We hypothesized that exposing passaged meniscus cells for 24 hours to collagen I or aggrecan, proteins abundantly present in the meniscus, would mimic the environment in vivo and be conducive to reversing lost phenotype. It is known that cells plated in monolayer interact with proteins present in FBS that are adsorbed on the cell culture flask [36, 37]. This results in stimuli not generally encountered in vivo, prompting changes in cell morphology and surface marker expression . An interesting result of the reversal study was that aggrecan coating decreased the expression of collagen I back to P0 baseline passage values. Previous studies in our laboratory have shown that dermal fibroblasts treated with insulin-like growth factor-I (IGF-I) and plated on an aggrecan surface coating adopted a chondrocytic phenotype and morphology, thus initiating the expression of collagen II with a downregulation of collagen I . Passaged meniscus cells contain a high population of fibroblast-like cells; the observed decrease in collagen I expression was therefore not surprising . However, the absence of IGF-I from the culture medium may have contributed to the lack of reversal of collagen II expression. It is plausible that IGF-I or other growth factors are essential for the expression of collagen II on fibroblast-like cells placed on an aggrecan protein coating . However, the results of this study could also be a consequence of insufficient exposure time (namely 24 hours) to the aggrecan protein coating.
Collagen I protein coating was found to downregulate collagen I expression and upregulate COMP expression. The downregulation of collagen I expression may be attributed to a collagen I saturation effect experienced by the cells through integrins on the cell surface. It is known that cell-surface integrins can attach to region 1 (for example the I-domain of integrin α 2) of collagen I surfaces with a similar homology to the von Willebrand factor . In addition, integrins also aid in the transmission of intracellular signals that can regulate cell growth, differentiation and motility . It is therefore likely that similar integrins on passaged meniscus cells can sense the presence of excess collagen I in the vicinity and relay messages to the nucleus to downregulate collagen I expression. Proliferative rates of cells may affect gene expression as well, as is commonly observed in growth-plate chondrocytes . It is has been shown that fibroblastic cells on three-dimensional collagen I matrices have lower proliferative rates than chondrocytic cells on the same surface, although the opposite is true in monolayer culture [43, 44]. Because passaged meniscal cells exhibit mainly fibroblastic properties, the downregulation of collagen I may perhaps be attributed to the slower proliferation rate of these fibroblast-like cells. The upregulation of COMP gene expression back to primary fibrochondrocyte levels by the third passage was another exciting finding. COMP is an important marker for the dedifferentiation state of articular chondrocytes; its upregulation may therefore signal a resurgence of the chondrocytic population in the meniscus .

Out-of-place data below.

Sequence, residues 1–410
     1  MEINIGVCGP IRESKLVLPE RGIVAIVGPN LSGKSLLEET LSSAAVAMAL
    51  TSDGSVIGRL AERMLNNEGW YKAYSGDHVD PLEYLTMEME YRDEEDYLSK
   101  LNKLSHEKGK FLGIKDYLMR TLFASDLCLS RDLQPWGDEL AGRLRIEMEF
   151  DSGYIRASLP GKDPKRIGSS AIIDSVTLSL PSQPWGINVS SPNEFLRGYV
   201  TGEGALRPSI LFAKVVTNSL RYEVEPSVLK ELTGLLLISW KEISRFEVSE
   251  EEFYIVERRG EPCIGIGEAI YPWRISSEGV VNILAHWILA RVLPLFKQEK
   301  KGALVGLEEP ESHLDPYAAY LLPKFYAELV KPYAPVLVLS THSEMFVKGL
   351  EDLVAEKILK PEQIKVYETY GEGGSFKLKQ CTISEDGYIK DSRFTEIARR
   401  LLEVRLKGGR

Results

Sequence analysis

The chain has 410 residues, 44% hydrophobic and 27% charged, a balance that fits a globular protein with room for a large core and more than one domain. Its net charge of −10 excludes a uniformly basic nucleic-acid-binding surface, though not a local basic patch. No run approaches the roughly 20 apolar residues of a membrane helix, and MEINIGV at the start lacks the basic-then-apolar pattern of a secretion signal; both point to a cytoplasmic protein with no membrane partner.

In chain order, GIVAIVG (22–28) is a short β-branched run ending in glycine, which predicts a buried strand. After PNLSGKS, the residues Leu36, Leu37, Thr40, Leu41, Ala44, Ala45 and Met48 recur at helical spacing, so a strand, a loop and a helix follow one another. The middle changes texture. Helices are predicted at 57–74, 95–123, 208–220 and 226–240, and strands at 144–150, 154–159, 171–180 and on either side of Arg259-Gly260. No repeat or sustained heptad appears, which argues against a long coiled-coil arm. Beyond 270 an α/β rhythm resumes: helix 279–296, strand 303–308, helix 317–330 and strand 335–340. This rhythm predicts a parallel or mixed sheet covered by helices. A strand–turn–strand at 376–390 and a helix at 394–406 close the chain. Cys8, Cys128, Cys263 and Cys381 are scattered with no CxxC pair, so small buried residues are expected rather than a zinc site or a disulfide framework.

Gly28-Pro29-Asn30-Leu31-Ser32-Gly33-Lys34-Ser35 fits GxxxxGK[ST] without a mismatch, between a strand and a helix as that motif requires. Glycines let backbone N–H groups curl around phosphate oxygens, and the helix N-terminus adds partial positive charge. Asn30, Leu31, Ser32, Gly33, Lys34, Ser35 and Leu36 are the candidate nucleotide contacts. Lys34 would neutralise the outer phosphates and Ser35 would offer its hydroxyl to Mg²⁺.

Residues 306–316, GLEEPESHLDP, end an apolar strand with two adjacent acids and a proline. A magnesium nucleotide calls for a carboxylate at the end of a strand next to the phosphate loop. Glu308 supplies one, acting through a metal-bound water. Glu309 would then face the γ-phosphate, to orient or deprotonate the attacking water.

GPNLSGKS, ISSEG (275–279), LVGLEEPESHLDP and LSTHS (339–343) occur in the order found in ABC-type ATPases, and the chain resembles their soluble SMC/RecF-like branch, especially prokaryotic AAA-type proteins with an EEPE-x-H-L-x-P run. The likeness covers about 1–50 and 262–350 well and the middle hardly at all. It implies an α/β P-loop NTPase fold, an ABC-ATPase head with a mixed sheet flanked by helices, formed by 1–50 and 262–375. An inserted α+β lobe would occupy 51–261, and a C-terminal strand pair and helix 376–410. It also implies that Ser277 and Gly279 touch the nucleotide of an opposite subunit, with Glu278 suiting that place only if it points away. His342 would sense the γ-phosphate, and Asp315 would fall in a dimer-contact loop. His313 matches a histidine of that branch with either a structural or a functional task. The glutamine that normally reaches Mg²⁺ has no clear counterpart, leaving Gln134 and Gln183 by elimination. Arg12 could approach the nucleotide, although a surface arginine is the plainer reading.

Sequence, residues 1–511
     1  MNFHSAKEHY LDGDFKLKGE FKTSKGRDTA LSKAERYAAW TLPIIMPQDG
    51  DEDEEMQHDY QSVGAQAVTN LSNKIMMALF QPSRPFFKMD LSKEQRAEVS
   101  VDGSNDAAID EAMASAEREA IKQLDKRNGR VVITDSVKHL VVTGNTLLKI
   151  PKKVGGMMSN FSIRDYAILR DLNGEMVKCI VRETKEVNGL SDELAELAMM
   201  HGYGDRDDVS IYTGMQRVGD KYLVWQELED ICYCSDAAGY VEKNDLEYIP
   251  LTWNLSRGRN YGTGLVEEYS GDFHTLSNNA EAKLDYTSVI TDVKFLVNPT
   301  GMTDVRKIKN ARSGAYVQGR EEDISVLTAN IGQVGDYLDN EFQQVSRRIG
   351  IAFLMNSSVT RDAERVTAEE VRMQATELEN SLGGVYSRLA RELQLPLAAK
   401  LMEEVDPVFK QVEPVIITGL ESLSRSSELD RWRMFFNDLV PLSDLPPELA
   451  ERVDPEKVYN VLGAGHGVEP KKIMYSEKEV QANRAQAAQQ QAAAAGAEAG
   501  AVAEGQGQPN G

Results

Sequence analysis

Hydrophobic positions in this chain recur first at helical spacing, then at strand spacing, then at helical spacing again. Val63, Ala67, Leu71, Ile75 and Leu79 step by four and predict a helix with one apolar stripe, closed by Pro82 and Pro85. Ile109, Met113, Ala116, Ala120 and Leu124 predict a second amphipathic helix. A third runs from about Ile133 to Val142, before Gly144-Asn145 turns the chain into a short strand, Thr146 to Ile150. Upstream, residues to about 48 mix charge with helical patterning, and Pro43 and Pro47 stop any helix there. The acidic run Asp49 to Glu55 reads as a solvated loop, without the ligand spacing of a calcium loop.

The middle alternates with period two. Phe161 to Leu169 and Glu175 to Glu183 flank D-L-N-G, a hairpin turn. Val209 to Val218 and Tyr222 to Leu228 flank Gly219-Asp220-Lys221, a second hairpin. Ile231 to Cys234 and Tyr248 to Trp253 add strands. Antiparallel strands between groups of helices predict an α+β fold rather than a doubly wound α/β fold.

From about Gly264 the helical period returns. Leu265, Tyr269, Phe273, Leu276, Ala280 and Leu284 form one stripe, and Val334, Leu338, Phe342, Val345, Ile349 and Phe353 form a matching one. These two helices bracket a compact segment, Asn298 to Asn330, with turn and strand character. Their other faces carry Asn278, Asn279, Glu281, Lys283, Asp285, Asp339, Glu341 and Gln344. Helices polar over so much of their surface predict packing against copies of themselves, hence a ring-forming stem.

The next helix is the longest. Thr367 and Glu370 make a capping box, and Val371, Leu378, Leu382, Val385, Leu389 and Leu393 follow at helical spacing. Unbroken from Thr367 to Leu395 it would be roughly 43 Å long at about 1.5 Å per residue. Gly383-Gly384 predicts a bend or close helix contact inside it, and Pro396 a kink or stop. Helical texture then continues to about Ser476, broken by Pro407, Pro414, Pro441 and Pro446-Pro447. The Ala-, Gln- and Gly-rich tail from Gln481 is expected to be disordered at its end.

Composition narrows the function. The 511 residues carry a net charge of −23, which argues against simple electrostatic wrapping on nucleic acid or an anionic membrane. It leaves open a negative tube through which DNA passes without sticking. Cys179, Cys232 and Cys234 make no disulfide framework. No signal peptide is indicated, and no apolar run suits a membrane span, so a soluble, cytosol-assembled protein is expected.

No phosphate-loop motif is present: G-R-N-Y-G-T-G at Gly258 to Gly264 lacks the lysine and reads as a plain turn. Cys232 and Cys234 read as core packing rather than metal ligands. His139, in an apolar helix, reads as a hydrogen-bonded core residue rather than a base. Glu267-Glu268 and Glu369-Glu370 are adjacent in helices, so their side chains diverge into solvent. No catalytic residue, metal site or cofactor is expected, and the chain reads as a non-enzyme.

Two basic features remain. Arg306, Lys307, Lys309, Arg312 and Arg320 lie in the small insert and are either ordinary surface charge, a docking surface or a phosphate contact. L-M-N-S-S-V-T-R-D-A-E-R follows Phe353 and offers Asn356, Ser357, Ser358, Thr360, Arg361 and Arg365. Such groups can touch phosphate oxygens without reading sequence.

In this experiment, GADPH expression stayed relatively constant with passage and may be used to represent a housekeeping gene for future meniscus tissue engineering studies. GAPDH has often been employed as a useful housekeeping gene in RT-PCR studies not involving other standardization techniques. It is commonly believed that within the same tissue sample, GADPH mRNA expression levels are relatively constant, whereas they can vary considerably between tissue types . Recent studies with fibrochondrocytes from the TMJ disc suggest that even though GADPH may be constant in different regions of the disc, there is a definite change in abundance with passage, a phenomenon not observed in passaged meniscal fibrochondrocytes .
These data indicate that the cells of the inner two-thirds of the meniscus undergo significant changes during monolayer expansion and passage. They experience losses in major chondrocytic markers (collagen II and COMP) while experiencing gains in fibroblastic markers (collagen I). Reversal efforts to regain lost phenotype in passaged meniscus cells via protein coatings were successful for collagen I and COMP by means of collagen I and aggrecan coatings. However, reversal of collagen II gene expression proved to be unsuccessful. A lack of collagen II could result in structural breakdown of the tissue as well as preempt osteoarthritis [11, 46, 47]. It will therefore be important to investigate alternative vehicles for reversing losses in collagen II expression in passaged meniscus cells. These could include studying alternative protein coatings such as collagen II and decorin, adding growth factors such as transforming growth factor-β I (TGF-β I), fibroblast growth factor-II (FGF-II) and IGF-I to the culture medium, or culturing the cells in novel two-dimensional or three-dimensional environments that support proliferation while maintaining morphology [18, 22, 25, 48–52].
= analysis of variance
= cartilage oligomeric matrix protein
= diethyl pyrocarbonate
= extracellular matrix
= fetal bovine serum
= glyceraldehyde-3-phosphate dehydrogenase
= insulin-like growth factor-I
= phosphate-buffered saline
= reverse transcriptase polymerase chain reaction
= temporomandibular joint.
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The authors thank Dr Jerry Hu for aiding with the revision of the manuscript. The authors also acknowledge NIAMS RO1 AR 47839-2 for funding this work.
The authors declare that they have no competing interests.
NJG and KAA conceived and designed the study. NJG performed all experiments, post-experimental assays, and statistical analyses described in the study, in addition to drafting the initial version of the manuscript. KAA supervised the study and oversaw the drafting of the manuscript. Both authors read and approved the final manuscript.
About this article
- Cartilage Oligomeric Matrix Protein
- Protein Coating
- Cartilage Oligomeric Matrix Protein
- Meniscus Cell
- Multiple Epiphyseal Dysplasia